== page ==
Framingham District 5 City Council Candidate Robert Case

Editor’s Note: On Tuesday, September 17, Voters in District 5 will participate in a preliminary election. There will be three names on the ballot for District 5 City Council. Voters will sect one individual to replace incumbent Dennis Giombetti. SOURCE sent questionnaires to all three candidates. All three candidates returned them. District 5 is comprised of Precincts 8 & 12.

Robert Case

Age: 42

Which pronoun do you prefer? he/him/his

Occupation: Data Analyst/Operations

Years lived in Framingham: 7+ years

Family (optional): My husband, Chris, and I have been together for over 17 years and we have adopted three children from foster care who all attend Framingham Public Schools.

Municipal experience: Town Meeting, Chair of Precinct 8; Member of the Ways & Means Committee; Chair of the city’s first Strategic Initiatives & Financial Oversight Committee (SIFOC)

In less than 250 words, why should someone vote you to represent them as a City Councilor?
District 5 residents should vote for me because it is critical to have a city councilor who shares your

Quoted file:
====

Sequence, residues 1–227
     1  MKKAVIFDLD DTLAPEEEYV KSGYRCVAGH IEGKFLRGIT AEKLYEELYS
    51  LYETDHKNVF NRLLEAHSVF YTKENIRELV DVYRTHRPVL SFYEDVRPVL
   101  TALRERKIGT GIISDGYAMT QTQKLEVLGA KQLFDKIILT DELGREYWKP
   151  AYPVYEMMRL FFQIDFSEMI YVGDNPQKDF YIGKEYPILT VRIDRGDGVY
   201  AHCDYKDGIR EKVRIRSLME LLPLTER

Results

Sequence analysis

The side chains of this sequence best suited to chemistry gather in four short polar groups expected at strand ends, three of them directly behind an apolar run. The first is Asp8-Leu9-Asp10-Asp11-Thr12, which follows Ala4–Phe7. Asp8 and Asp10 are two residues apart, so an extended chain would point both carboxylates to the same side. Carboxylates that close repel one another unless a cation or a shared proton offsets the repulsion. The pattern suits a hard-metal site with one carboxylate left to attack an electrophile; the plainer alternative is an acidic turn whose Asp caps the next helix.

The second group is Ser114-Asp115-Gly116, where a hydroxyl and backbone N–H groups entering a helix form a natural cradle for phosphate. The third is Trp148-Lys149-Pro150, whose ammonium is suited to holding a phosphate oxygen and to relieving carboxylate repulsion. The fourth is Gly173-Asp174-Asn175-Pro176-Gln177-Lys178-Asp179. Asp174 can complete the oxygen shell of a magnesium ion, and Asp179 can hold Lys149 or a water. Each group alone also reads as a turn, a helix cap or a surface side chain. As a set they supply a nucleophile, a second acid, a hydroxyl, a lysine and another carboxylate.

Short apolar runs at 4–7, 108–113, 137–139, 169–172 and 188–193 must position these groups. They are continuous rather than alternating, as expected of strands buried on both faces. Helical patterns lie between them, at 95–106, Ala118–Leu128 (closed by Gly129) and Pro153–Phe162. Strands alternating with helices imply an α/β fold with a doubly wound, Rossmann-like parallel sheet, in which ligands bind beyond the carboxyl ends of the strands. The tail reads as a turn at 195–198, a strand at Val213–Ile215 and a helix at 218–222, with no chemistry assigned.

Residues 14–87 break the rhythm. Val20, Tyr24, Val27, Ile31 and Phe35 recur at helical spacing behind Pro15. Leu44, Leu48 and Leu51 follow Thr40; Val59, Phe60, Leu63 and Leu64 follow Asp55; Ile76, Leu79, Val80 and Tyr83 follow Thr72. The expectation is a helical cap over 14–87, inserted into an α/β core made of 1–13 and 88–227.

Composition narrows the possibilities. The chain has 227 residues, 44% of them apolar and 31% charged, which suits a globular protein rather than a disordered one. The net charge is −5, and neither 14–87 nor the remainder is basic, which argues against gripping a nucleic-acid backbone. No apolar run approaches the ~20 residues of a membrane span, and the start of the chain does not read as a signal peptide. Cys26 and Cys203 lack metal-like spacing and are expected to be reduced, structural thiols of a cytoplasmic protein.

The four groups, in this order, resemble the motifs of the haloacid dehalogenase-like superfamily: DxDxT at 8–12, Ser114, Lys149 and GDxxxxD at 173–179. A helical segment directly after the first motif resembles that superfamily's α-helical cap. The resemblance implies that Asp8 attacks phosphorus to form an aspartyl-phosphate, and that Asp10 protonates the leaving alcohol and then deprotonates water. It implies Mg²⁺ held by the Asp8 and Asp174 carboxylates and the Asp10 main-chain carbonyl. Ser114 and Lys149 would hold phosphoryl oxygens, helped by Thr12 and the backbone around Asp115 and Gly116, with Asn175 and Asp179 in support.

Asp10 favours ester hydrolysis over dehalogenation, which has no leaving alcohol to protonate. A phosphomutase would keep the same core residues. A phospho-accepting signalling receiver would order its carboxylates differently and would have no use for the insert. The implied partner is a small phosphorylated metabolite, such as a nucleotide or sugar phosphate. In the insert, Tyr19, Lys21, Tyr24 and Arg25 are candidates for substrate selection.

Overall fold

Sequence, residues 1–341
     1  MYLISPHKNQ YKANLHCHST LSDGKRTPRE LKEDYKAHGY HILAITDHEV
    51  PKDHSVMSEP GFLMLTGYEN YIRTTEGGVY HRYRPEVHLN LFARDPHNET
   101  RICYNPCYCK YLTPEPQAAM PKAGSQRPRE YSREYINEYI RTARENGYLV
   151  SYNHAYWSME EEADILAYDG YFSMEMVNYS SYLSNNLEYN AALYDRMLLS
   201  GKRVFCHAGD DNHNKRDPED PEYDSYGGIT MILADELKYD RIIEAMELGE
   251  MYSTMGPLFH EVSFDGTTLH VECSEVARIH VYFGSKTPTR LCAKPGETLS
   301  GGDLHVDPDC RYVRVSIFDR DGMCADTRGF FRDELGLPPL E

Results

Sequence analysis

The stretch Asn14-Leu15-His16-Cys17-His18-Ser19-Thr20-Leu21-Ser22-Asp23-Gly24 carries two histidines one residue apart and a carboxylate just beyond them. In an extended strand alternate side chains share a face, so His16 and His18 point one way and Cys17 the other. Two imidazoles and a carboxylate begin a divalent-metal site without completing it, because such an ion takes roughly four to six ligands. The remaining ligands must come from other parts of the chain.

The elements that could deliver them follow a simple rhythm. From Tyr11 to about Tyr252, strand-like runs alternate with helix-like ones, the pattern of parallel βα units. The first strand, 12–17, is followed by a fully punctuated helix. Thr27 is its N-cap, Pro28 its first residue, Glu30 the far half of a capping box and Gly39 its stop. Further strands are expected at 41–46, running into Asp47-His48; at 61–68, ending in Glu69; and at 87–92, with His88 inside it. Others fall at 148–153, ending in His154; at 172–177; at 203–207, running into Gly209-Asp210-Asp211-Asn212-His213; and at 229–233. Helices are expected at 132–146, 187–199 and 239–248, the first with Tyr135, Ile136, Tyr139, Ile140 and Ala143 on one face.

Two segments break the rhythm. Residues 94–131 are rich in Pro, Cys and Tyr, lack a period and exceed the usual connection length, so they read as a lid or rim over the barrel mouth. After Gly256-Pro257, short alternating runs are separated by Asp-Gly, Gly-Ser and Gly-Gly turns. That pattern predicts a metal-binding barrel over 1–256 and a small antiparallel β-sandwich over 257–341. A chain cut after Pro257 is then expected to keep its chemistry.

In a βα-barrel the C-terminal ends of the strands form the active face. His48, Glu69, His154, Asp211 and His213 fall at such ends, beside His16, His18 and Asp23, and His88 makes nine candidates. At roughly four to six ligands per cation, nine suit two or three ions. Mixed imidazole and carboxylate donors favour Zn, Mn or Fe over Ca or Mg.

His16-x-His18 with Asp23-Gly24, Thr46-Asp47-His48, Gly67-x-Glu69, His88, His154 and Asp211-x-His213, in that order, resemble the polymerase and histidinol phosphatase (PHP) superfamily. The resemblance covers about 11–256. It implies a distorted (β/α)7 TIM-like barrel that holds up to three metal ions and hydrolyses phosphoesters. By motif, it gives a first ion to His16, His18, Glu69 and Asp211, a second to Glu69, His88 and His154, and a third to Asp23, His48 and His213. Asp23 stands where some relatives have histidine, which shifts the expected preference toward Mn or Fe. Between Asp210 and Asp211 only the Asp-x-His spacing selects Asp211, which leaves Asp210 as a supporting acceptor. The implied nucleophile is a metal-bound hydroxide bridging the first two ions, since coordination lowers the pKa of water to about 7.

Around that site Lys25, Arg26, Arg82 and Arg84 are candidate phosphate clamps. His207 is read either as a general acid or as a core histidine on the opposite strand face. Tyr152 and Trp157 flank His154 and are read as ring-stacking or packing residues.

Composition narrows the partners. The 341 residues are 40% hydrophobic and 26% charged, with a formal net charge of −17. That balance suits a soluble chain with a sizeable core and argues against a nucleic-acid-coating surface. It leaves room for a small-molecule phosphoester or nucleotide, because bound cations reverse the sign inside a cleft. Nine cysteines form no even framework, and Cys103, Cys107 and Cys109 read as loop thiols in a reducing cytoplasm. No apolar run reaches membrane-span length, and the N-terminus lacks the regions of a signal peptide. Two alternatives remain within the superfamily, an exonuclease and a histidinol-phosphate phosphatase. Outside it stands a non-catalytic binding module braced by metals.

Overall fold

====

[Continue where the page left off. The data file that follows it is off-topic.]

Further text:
values working on the budget, and advocating for the services and resources you care about. I am the District 5 candidate with the strongest financial skills, progressive values, and the most knowledge of Framingham’s municipal operations. I am the only candidate with financial experience of working for an international asset management firm. I am the only candidate that has worked in the non-profit world and held leadership positions in arts and educational organizations – experience that I want to use to build up the Arts and Cultural scene here in Framingham. I am a proven leader and team player. I served on Town Meeting and the Ways and Means committee and have experience working with all the department heads on the budget. I am a listener, a collaborator, a respectful person who gives and takes constructive input. I will be accountable and I will hold others accountable. I will be part of the change we need. I’m running to do what’s best for Framingham. What Framingham needs right now more than anything is a City Council that can work better together. I am the District 5 candidate with the values, character, and skills needed to build a productive working relationship with all stakeholders and I will always be an independent voice looking out for District 5 and Framingham.

Political Website or Facebook page linkwww.VOTECASE.com


Do you support the budget approved by the City Council in June, including the increase for the schools? (yes or no) Both No and Yes.

Would you vote to fund the new police patrolmen’s union contract? (yes or no) Yes